Record Business see’s vinyl growth as a fad

Article from Classic rock magazine

Labels and band managers not convinced by recent resurgence in LP sales

Record industry bosses see the resurgence in vinyl sales as a passing fad, it’s been reported.

Last year vinyl sales pushed through the one million mark in the UK for the first time since 1996, thanks to albums like Pink Floyd’s The Endless River and Jack White’sLazaretto.

But industry analysts Neilson Soundscan say vinyl accounts for just 6% of total album sales – a figure that record companies say isn’t having a huge effect on their business.

Rolling Stone reports that Tom Corson, president of Sony-owned RCA Records, says his company doesn’t have a department devoted to vinyl, although he welcomes the increased interest in the format.

He says: “It is a small percentage of our business. It’s not going to make or break our year. We devote the right amount of resources to it, but it’s not something where we have a department for it.

“We welcome it. It’s a sexy, cool product. It represents an investment in music that’s an emotional one.”

And Candace Berry, general manager of Universal Music Distribution, sees vinyl as a “great marketing opportunity” but doesn’t believe the rate of growth will continue.

She adds: “While we do expect growth to continue, it’d be hard to project exactly what that’s going to be. I know a lot of people in the business who’ve gotten back into vinyl the last couple of years. But I’m not sure they’re playing their vinyl every single day like they’re listening on their device.”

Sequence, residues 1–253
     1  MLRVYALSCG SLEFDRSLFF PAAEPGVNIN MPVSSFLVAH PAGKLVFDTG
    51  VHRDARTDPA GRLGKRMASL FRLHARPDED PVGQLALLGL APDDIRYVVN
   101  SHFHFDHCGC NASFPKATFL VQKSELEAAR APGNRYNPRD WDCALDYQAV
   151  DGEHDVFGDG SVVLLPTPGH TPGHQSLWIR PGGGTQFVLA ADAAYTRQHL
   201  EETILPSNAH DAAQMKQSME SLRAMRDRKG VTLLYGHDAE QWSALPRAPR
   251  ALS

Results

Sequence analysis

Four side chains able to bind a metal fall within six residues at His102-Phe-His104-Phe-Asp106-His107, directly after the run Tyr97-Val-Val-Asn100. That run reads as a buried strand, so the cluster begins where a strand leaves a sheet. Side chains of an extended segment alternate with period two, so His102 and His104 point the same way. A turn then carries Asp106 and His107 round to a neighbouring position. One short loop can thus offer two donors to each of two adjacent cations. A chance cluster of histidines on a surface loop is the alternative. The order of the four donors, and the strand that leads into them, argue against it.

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Sexism is worse in the music industry now than it was in the 1960s, says Lulu The Scottish singer who attacks record label executives who force talented young female singers to ‘strip off’

Lulu, still a star performer at 64(C) The Daily Telegraph 1st March 2015 – Author Camilla Turner

Sexism is far worse in the music industry now than it was in the 1960s, the singer Lulu has suggested, as she attacked record bosses who force singers like Miley Cyrus into crude performances.

The 66-year-old Scottish singer, whose career in show business has spanned half a century, said that if an executive had said to her and Dusty Springfield to “strip off” and dance suggestively, “We would have killed ourselves laughing – then told them where to go”.

Lulu told The Mail on Sunday’s Event magazine that there is “most definitely a prejudice against older actresses and women in TV.”

She said: “The music industry is not an easy business, never has been, and the bosses aren’t rushing to sign you if you’re over a certain age because it’s all about young people.

“Do you know what I really dislike? Female singers thinking they have to strip off when they’ve got talent.

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